After this the possession of Ferrara, Modena, Reggio, and their dependencies was disputed for sonic years with varying results hy the Venetians, the pope, and rival members of the legitimate line of Estensi, but from the time of Azzo VIII. the Estensi annals are intricate, confused, and of little interest until NICHOLAS III. (13841441), who exercised sovereignty over Ferrara, Modena-, Parma, and Reggio, was declared by Boniface IX ,captain general of the army of the church, and enjoyed in his later years the intimate friendship of the duke of Milan. He died suddenly from poison, most probably administered by his enemies at the court of Milan to prevent his being named the duke's successor. To him succeeded LIONEL, who died in 1450, and was suceeded by Borso, who was created duke of Modena and Reggio by Frederick III., and, by the pope, duke of Ferrara. Borso was a great patron of literature, and established a printing press at Ferrara. lie died in 1471, and was succeeded by his brother HERCULES I. (1443-1505), who, with the help of the Venetians, seized the sovereignty of Ferrara from Nicholas, the son of Lionel, and afterwards, with the help of Ferdinand king of Naples, retained it against the Venetians and Pope Sixtus IV. The last twenty-five years of his reign were peaceful and prosperous, and his capital becama noted both for its luxury and as the resort of men eminent in literature and art. Count Poiardo the poet was his minister, and Ariosto also obtained his patronage and friendship. To Hercules succeeded ALNIONSO 1. (14561534), who was married to Lucretia Borgia, daughter of Pope Alexander VI. During nearly the whole of his reign Alphonso was engaged in the Italian wars, and in his complicated and difficult position manifested so much energy and adroitness, and such skill as a general, that for a long time he was almost uniformly successful in his enterprises. On the formation in 1508 of the league of Cambray against the republic of Venice he was appointed by Pope Julius II. to the supreme command of the papal troops ; but after the Venetians had sustained a considerable Dumber of reverses they made peace with the pope, and agreed to join him against the French. Alphonso was invited to co-operate with the new alliance, and on his refusal war was declared against him; but although be at first lust Modena and Reggio, he subsequently inflicted a succession of defeats on the papal troops. He was, however, desirous of peace, and had gone to Rome with the purpose of making submission to the pope, when the news that orders had been given for his arrest reached him in time only to enable him to make his escape. On the defeat of the French by the combined arms of Charles V. and Pope Leo X., the possessions of Alphonso were confiscated, but after the death of Leo he was reinstated in them by Charles V. He died on the 31st October 1531, and was succeeded by his son HERCULES II. (1508-1559), who married Renee daughter of Louis XII. of France, and, joining the league of Henry II. of France and Pope Paul [V. against Spain, was named lieutenant-general of the French army in Italy, and general of the army of the church. The war was, however, prosecuted with little vigour, and peace was made with Spain in 1558. Hercules and his brother Cardinal Hippolytus the younger, were Fawns of literature and art, and the latter built the splendid castle of Este. Hercules II. was succeeded by ALPIIONSO TL, well known on account of his imprisonment of the poet Tasso. Alphonso died in 1597 without issue, and bequeathed his estate to his cousin C.Esaa. (1562-1628), but Pope Clement VIII. laid claim to Ferrara, and by a treaty with Lucretia, sister of Alphonso, it was given up to the see of Rome. Caesar held Modena and Reggio, but with him the splendour of the house of Este began to fade, and from that time it plays only a very subordinate part in Italian history.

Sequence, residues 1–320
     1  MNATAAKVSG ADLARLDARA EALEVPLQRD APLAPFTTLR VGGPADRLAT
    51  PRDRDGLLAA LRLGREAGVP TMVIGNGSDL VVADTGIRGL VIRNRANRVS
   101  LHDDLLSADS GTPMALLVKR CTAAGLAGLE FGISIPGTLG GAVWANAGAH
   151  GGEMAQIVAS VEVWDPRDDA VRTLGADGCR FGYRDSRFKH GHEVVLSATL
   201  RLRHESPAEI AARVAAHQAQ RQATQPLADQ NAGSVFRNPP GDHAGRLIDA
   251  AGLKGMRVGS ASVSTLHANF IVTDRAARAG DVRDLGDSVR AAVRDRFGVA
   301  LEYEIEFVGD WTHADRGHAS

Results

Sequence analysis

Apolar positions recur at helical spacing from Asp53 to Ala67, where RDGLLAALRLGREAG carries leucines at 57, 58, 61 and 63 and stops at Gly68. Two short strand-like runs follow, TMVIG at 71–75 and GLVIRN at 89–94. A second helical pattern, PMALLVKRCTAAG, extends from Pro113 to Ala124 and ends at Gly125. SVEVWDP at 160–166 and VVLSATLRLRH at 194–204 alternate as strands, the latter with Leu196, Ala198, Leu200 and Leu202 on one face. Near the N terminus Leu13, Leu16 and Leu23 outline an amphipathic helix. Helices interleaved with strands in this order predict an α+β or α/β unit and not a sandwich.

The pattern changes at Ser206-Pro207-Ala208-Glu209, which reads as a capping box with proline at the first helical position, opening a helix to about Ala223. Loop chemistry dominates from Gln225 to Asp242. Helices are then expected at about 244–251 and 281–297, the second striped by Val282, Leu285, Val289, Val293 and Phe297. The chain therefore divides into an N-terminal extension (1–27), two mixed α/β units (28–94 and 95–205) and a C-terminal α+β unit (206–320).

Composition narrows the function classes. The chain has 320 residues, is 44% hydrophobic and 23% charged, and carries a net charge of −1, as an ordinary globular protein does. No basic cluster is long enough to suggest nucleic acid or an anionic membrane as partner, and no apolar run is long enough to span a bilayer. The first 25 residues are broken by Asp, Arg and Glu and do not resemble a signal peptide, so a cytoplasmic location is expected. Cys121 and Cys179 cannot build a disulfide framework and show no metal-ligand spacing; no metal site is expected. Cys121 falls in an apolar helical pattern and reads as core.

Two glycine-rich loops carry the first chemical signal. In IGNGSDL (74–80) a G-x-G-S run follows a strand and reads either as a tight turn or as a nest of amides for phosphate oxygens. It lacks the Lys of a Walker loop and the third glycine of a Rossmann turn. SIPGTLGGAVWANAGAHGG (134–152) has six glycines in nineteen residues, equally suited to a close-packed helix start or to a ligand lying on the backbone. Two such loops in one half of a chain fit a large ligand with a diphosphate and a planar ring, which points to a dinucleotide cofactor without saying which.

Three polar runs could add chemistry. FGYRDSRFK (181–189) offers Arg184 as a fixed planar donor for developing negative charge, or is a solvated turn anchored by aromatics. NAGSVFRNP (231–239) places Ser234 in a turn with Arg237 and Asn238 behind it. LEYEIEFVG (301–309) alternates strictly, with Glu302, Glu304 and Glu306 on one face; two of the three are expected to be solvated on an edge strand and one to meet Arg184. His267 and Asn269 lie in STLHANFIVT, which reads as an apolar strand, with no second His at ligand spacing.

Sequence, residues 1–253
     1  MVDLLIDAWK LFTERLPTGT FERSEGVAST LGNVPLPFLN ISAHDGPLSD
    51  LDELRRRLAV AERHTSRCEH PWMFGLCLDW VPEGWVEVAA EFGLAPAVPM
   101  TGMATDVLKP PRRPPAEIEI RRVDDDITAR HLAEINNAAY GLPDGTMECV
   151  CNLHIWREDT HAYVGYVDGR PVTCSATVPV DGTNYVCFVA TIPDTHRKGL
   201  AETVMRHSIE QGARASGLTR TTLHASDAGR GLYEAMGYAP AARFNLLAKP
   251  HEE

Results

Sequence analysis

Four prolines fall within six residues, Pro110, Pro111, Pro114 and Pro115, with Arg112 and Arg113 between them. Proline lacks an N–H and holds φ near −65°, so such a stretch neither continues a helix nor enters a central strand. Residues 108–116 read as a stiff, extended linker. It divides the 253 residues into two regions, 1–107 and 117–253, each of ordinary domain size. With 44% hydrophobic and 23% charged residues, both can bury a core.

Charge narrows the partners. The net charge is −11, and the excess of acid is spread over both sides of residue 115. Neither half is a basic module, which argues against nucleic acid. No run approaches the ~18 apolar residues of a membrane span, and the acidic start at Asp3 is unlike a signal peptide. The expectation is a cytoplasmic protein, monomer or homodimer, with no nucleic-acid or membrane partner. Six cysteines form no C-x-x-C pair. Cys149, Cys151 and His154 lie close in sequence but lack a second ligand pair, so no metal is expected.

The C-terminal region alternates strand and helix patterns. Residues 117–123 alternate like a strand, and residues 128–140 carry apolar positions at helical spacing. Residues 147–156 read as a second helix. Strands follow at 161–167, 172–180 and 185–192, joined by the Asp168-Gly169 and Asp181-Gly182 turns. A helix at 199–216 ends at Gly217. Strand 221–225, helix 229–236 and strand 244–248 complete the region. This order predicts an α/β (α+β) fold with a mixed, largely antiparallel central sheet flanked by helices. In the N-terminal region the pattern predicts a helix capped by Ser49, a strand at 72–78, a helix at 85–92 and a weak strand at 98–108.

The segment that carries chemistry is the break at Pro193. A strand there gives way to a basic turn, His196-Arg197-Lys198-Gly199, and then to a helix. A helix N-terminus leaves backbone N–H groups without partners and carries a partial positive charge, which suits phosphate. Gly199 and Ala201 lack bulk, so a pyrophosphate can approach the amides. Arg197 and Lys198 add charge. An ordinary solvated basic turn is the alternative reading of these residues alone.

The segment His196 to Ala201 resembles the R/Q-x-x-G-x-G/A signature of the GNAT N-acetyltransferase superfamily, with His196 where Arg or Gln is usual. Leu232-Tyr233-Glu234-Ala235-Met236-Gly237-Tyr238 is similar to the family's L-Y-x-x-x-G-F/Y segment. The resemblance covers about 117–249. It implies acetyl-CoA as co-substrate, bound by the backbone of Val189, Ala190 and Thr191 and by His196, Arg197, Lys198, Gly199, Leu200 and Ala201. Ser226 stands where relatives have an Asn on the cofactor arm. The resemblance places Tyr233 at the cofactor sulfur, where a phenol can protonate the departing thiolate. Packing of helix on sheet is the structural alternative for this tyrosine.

The subsequent heads of the Este family were ALrnoNso III., who retired in 1629 to a monastery in the Tyrol, where he ended his days in 1641; FnaNcis I. (1610-1658), who was general of the French army in Italy ; Auntoxso IV. (1634-1662), the father of Mary, the queen of James II. of England, who held a position in the French army during the Spanish war, and by whom was founded the gallery of pictures at Modena ; FRANCIS H. (1660-1694), who originated the library of Este and founded the University of Modena; Rixamm (1665-1737), through whose marriage with Charlotte Felicitas of Brunswick, the long separated branches of the house of Este were again united ; FRANCIS III. (1698-1780), who married the daughter of Philippe of Orleans, was named by the king of Spain generalissimo of the Spanish troops in Italy, had his duchy devastated by the imperial troops, but was re-established in its possession by the treaty of Aix-la, Chapelle, and, having reconciled himself with Maria Theresa, received from her the title of governor-general of Loin" hardy; and, finally, IlturciThEs Iirs-ai,no (1727-1803), who at the peace of Campo Fermo lust the duchies of Modena and Reggio, and with whom the male branch of the house of Este died out. His only daughter was married to Ferdinand, third son of the emperor Francis I. Ferdinand was created duke of Breisgau, and dying in 1806 was succeeded by Francis IV., who in 1816 was restored to the duchy of Modena and Reggio, and on the death of his mother inherited also the duchy of Massa and Carrara. He died January 26,1846, and was succeeded in 1846 by his son Francis V., who lost his possessions by the events of 1839. On his death in 1875 the male line of the Austrian branch of the Estensi became extinct, and the title passed to Archduke Francis eldest son of the Archduke Charles Louis. The children of Lady Murray daughter of the earl of Kintore, by her marriage with August Frederick duke of Sussex, sixth son of George III. of England, assumed the old name Este, and claimed recognition as members of the royal family; but as the marriage was in violation of an Act regarding royal marriages passed in 1772, it was declared invalid, and their claims were set aside.
:See Muratori, Delle antiehia Estense ed ltgsouw Annuli and Scriplores Rerum Italtearum ; History of the House of Este, London, 16S1 ; Leo and Botta, History of Italy; and Sismondi, Ihistoire des Republigues